Regeneron Eyes a New 52-Week High: Can It Head Higher?

Shares of Regeneron Pharmaceuticals (NAS: REGN) hit a 52-week high yesterday. Let's look at how the company got here and ee whether clear skies remain in the forecast.

How it got here
Without question, the driving force behind Regeneron's rapid rise was the November approval of Eylea by the Food and Drug Administration to treat wet age-related macular degeneration. The drug is expected to generate $250 million to $300 million this year based on Regeneron's estimates, although it will face stiff competition from the current standardized AMD drug, Lucentis, which is co-marketed by Roche (OTC: RHHBY.PK) and Novartis (NYS: NVS) and Avastin (also owned by Roche), which is not formally approved to treat wet AMD but does indeed work for just a fraction of the cost of Eylea. Roche is in a tough spot, because if it seeks wet-AMD approval for Avastin, it may inadvertently cannibalize sales of Lucentis and give Eylea the edge.

For Regeneron, this is really a storybook tale of how to properly launch a drug. We've seen multiple instances of botched drug launches that have destroyed shareholder value. Both Dendreon's (NAS: DNDN) prostate cancer treatment, Provenge, and Human Genome Sciences (NAS: HGSI) lupus drug, Benlysta, serve as stark reminders that getting a drug approved is only half the battle, as both companies have been losing money hand-over-fist since launching their drug. Actually having an experienced marketing team and getting physicians to prescribe your medicine is the other half of that battle.


How it stacks up
Let's see how Regeneron stacks up next to its peers.

REGN Chart

REGN data by YCharts

Investors have been amply rewarded for Eylea's approval. Now let's look at this from a valuation perspective.

Company

Price/ Book

Price/ Cash Flow

Forward P/E

Dividend Yield

Regeneron Pharmaceuticals 24 N/M 76.9 0%
Novartis 2 9.4 9.9 4.5%
Amgen 2.8 12 10 2.2%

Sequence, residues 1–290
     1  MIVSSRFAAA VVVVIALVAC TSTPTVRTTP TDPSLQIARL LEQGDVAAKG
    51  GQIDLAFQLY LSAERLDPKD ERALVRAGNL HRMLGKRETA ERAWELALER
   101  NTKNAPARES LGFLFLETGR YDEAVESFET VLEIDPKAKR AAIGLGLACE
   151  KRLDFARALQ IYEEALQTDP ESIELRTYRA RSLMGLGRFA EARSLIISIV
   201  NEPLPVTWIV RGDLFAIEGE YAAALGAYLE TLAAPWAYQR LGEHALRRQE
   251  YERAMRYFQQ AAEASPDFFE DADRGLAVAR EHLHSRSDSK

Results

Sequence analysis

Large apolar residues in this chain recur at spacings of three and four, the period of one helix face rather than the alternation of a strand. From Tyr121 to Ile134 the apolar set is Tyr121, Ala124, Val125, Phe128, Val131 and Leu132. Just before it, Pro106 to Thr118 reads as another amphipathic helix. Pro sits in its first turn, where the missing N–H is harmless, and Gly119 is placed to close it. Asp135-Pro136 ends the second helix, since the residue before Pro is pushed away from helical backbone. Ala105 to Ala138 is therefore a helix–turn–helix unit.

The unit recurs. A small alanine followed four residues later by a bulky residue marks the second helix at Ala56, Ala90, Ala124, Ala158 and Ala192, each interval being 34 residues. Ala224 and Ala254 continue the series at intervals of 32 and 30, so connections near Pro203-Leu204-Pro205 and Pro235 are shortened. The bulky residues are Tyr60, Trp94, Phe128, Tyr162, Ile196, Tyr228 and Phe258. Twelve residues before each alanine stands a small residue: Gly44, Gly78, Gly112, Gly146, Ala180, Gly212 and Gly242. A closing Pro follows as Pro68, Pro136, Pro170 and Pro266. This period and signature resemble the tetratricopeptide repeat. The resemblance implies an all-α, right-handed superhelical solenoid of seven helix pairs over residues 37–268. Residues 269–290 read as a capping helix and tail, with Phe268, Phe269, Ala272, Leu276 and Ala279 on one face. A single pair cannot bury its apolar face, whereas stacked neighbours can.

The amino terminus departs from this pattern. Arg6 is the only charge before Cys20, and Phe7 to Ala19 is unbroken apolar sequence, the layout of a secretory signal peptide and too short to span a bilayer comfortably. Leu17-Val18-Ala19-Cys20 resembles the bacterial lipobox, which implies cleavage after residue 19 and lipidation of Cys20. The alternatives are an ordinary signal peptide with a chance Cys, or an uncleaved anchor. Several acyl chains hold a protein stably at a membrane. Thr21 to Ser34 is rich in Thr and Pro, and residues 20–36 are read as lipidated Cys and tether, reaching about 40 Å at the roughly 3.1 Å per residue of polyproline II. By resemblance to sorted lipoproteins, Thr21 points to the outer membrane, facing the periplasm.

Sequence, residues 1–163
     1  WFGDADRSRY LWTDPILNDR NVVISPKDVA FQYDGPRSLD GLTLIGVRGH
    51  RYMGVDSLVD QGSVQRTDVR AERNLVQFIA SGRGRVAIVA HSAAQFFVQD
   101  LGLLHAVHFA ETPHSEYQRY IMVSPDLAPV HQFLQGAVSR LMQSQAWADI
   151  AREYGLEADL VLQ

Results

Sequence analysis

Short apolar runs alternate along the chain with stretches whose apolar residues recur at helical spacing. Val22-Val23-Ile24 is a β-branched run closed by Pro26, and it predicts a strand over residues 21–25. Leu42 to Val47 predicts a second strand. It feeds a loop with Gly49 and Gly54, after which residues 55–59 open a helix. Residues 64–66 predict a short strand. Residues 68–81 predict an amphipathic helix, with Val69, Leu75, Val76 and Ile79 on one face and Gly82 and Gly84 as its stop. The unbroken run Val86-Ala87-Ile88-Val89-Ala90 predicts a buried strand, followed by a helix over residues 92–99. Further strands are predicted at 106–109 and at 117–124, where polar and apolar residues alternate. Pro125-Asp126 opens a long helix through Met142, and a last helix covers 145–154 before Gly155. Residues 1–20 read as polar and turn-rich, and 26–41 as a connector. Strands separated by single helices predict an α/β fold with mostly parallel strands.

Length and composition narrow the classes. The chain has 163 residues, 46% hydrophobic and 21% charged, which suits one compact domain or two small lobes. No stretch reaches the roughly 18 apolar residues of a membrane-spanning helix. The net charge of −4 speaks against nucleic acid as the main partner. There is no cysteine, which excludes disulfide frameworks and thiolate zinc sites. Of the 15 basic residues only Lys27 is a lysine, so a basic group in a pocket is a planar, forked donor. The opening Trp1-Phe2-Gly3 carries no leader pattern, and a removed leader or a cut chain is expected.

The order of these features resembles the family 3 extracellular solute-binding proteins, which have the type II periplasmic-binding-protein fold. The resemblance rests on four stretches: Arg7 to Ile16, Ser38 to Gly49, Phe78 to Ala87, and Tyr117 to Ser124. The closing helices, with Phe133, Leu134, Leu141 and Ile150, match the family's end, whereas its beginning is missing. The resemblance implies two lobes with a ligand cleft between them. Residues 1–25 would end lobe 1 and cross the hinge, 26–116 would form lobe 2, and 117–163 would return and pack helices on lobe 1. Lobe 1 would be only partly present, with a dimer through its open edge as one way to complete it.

Source: Morningstar. Dividend yields are projected.

Regeneron's five-year growth rate according to Yahoo! Finance estimates is a blistering 50%, but even that may not be fast enough to keep up with the company's astronomical valuation. While Wall Street waits for Regeneron to make consistent quarterly profits, Novartis and Amgen are kicking out healthy dividends and trading at forward P/Es of about 10. It's tough to value a recently approved drug from a fundamental perspective, but the proof that Regeneron may be overvalued is in the pudding.

What's next
Our very own Motley Fool CAPS community gives the company a dreaded one-star rating (out of five), with a full quarter of All-Star members expecting it to underperform. I am one of those members who have made a CAPScall of underperform on Regeneron and have thus far been humbled by a grotesque negative-108-point drubbing. I nonetheless remain steadfast in my prediction that Regeneron is grossly overvalued at these levels.

The company does has an impressive pipeline of drugs that could still affect its bottom line and perhaps bring its valuation more in line with reality, but the enthusiasm around Eylea's sales potential remains too great for me to advocate buying Regeneron here. If the picture clears up, then I might be willing to offer a more concrete forecast on Regeneron. But in the meantime, I stand by my underperform prognostication.

Craving more input on Regeneron Pharmaceuticals? Start by adding it to your free and personalized Watchlist. It's a free service from The Motley Fool to keep you up to date on the stocks you care about most.

At the time this article was published Fool contributor Sean Williams has no material interest in any companies mentioned in this article. You can follow him on CAPS under the screen name TMFUltraLong, track every pick he makes under the screen name TrackUltraLong, and check him out on Twitter, where he goes by the handle @TMFUltraLong.The Motley fool owns shares of Dendreon. Motley Fool newsletter services have recommended buying shares of Novartis. Try any of our Foolish newsletter services free for 30 days. We Fools don't all hold the same opinions, but we all believe that considering a diverse range of insights makes us better investors. The Motley Fool has a disclosure policy.

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